A bit dissapointed to not see here The Dawn of Everything: A New History of Humanity by David Graeber and David Wengrow, which also tries relatively well in my opinion, to dispel the myth of social development starting with prehistory, and that the hierarchical construct we have built four ourselves slowly and using innordinate amount of force and bloodshed for the past 5,000 years is very different from the diverse types of societies that existed not too long ago around the world.

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A full list would be good!

I used to consider myself very well read on world affairs and history, but in recent years I've come to realize how flawed my choices were and how much I was led astray by my reliance on 'what everyone was reading', not to mention my lack of language skills. Some problems in the literature are just a matter of groupthink and sourcing - I now know that pretty much every book on WWII in Europe written prior to the opening up of Soviet sources is fundamentally wrong, and much the same applies to WWI and much writing on colonialism. And of course it is extremely important to be selective when reading western writers on topics including Africa and much of Asia, there is a vast amount of misleading or over-ideological junk filling up bookshelves. In some respects things are getting worse - I've noticed that in the past couple of years ago quite a few academic writers on Russia and China have retreated to the career saving option of simply regurgitating what they are supposed to write, even though many appear to know full well that they are essentially lying about what they know. Its all very disappointing.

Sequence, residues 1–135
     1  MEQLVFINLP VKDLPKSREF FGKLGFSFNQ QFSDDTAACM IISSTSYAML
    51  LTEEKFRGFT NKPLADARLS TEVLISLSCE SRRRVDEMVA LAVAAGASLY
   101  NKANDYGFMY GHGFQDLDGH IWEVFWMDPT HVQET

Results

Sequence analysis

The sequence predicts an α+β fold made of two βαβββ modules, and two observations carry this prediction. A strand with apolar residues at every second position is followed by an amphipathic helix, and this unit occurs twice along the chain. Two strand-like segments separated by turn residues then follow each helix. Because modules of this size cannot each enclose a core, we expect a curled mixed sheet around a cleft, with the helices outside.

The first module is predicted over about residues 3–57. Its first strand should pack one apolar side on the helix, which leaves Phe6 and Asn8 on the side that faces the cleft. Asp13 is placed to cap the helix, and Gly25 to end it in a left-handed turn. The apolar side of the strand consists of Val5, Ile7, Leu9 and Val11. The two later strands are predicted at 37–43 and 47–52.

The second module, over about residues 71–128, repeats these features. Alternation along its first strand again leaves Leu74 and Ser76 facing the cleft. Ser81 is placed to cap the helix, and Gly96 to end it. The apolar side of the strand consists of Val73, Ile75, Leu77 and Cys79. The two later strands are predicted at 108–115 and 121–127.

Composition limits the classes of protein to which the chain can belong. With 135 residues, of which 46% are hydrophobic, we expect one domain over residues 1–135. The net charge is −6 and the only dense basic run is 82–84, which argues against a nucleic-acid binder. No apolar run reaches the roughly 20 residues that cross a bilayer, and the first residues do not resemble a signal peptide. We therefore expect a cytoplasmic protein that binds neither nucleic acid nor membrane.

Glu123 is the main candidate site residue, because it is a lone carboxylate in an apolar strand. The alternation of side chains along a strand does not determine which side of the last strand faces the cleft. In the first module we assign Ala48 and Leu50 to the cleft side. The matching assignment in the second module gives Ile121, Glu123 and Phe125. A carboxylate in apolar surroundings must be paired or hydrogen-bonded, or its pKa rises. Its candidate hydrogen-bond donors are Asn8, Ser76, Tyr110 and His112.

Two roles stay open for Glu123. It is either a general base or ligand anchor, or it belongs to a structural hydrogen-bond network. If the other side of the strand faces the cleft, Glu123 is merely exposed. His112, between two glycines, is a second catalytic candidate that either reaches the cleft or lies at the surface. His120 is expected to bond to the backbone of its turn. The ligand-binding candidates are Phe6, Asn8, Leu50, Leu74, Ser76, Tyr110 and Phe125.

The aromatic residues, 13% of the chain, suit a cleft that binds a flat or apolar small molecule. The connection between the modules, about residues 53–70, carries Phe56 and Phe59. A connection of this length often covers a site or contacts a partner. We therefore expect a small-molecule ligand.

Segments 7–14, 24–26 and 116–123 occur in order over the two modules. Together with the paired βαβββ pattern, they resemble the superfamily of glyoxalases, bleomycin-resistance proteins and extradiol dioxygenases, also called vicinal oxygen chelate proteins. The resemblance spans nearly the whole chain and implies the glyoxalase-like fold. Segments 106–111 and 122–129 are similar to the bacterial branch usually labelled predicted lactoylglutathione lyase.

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Thank you! How did you put it? “Been There and Done That” – in that spirit, and from a different domain, I would suggest Fyodor Dostoevsky’s *Notes from the Underground* and *The Brothers Karamazov*. I would say that Dostoyvsky was as much a seismographer of the changes after ‘the death of God’, as was Nietzsche.

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I think that my only caveat to this listing is that if you are my age, you realize that you should have been more diligent in the past.

In my humble opinion, I would argue that the first step would be found in your paragraph positing that the way we think "now" is not the way that people thought "then". I fully agree that Timaeus and Jaynes will give folks a great deal to think about.

The past holds up a mirror that allows us to see the warts and disfigurement of what we have become.

Machiavelli is always seen as distasteful, because he points out that the "better angels of our nature" are a mythology, and Nietzsche always is unpopular because it violates our most cherished belief that humanity is better now than it was then.

Lots to ponder here. Thanks again for taking time to write these. I truly appreciate your efforts.

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Nov 2, 2023·edited Nov 2, 2023